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[Wired] Copyright Scofflaws Beware: ISPs to Begin Monitoring Illicit File Sharing - Page 3

post #21 of 411
Quote:
Originally Posted by DonkeyShowisaNoNo View Post

Not all wireless encryption methods are vulnerable to hacks. You probably saw a demo on how to crack WEP, or some similar outdated encryption model.
http://www.webopedia.com/DidYouKnow/Computer_Science/2007/WEP_WPA_wireless_security.asp
Also, what do ISP's plan to do with pirates that encrypt their torrents/illegal media?? All the ISP can see on their end is large amounts of encrypted data being passed to and from a user IP. I am aware that they can reduce the bandwidth to that location, but they can't enforce any copyright penalties if they can't tell what the data actually is.

This. Honestly? What could the ISP do about? They have no proof on what is actually being transferred. They would just detect a large amount of P2P traffic.
post #22 of 411
Quote:
Originally Posted by Jtvd78 View Post

This. Honestly? What could the ISP do about? They have no proof on what is actually being transferred. They would just detect a large amount of P2P traffic.

We shut them off....

Large amounts of P2P traffic easily break "fair usage" policies, and we can terminate their connections. Additionally, you two are aren't understanding a few things....

1) You can encrypt the data, but we can still see where it is going, and then through various tools determine who is at the other end.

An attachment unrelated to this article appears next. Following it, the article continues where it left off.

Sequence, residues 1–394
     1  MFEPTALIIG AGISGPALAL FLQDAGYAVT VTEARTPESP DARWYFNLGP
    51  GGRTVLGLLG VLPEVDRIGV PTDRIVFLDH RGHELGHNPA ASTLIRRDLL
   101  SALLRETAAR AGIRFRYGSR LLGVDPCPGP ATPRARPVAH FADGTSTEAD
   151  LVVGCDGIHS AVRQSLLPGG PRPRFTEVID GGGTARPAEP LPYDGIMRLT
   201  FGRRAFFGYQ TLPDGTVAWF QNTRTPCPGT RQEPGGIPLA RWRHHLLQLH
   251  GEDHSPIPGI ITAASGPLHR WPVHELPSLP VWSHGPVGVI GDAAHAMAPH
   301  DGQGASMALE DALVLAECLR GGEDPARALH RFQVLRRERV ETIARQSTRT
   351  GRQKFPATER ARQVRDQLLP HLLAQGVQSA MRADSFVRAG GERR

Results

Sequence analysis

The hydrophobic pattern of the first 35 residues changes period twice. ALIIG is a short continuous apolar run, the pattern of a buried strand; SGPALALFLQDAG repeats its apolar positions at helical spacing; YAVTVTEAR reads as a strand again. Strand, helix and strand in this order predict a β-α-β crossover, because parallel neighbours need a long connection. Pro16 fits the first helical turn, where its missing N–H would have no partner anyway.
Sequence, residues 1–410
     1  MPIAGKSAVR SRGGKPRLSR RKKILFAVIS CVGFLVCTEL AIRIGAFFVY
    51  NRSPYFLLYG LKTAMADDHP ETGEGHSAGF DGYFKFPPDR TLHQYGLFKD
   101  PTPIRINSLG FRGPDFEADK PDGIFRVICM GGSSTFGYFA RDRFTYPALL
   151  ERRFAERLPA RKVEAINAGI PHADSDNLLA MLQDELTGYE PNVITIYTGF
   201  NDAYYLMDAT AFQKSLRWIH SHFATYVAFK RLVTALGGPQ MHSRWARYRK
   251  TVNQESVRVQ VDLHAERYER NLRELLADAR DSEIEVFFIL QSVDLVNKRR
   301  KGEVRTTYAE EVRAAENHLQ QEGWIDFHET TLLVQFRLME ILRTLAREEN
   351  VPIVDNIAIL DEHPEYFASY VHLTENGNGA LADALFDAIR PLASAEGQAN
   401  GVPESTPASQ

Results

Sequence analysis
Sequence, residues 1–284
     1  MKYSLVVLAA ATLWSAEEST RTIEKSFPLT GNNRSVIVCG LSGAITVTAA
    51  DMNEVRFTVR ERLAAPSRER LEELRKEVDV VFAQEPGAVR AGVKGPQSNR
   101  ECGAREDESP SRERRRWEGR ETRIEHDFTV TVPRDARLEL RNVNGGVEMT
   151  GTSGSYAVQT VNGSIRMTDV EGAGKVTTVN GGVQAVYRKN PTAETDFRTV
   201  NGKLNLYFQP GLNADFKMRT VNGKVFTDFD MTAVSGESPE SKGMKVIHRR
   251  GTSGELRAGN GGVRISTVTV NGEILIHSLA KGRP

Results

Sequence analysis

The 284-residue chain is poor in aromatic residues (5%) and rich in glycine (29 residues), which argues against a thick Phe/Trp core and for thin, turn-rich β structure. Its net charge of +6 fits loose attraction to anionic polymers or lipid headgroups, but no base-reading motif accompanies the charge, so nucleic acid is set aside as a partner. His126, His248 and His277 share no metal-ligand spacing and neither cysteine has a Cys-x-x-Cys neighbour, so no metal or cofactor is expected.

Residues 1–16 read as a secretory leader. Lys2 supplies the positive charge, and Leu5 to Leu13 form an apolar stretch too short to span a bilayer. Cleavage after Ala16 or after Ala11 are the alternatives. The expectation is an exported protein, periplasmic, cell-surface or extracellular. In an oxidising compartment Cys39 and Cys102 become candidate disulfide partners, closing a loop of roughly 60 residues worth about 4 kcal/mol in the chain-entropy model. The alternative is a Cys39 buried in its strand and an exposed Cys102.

2) Even encrypted data isn't 100% safe in today's world, and it is possible to view that data - But that is a conversation for another time.

3) You two act like it is your legal RIGHT to use an ISP. Nope! It is a privilege and you are subject to our usage rules.
    
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post #23 of 411
Quote:
Originally Posted by DonkeyShowisaNoNo View Post

Not all wireless encryption methods are vulnerable to hacks. You probably saw a demo on how to crack WEP, or some similar outdated encryption model.

Well it wasn't a demo we were setting up wireless networks in class at the university I went to and a Linux guy there bet the teacher he could crack the encryption in under 5 min, and he did. But it was old linksys hardware, well new then though, and I can't remember but would bet it was WEP.
post #24 of 411
Quote:
Originally Posted by Masked View Post

This is 2012, if you're pirating at a Starbucks, then by this bill, the Starbucks gets tagged...Thus, an IP is actually ultimately responsible for your actions until they prove otherwise, this is what I meant in my first post.
You can post all day about how your IP isn't an identifier yet, your ISP actually disagrees and will give you up in a heartbeat.
This is just the next step in that progression and as I've said many many many times, there is no such thing as anonymity on the internet anymore.

Well i was going to post it was recently ruled that people providing open wifi can't be held responsible but upon further investigation that was Finland not the US. redface.gif
post #25 of 411
Quote:
Originally Posted by fantasyalive View Post

Well i was going to post it was recently ruled that people providing open wifi can't be held responsible but upon further investigation that was Finland not the US. redface.gif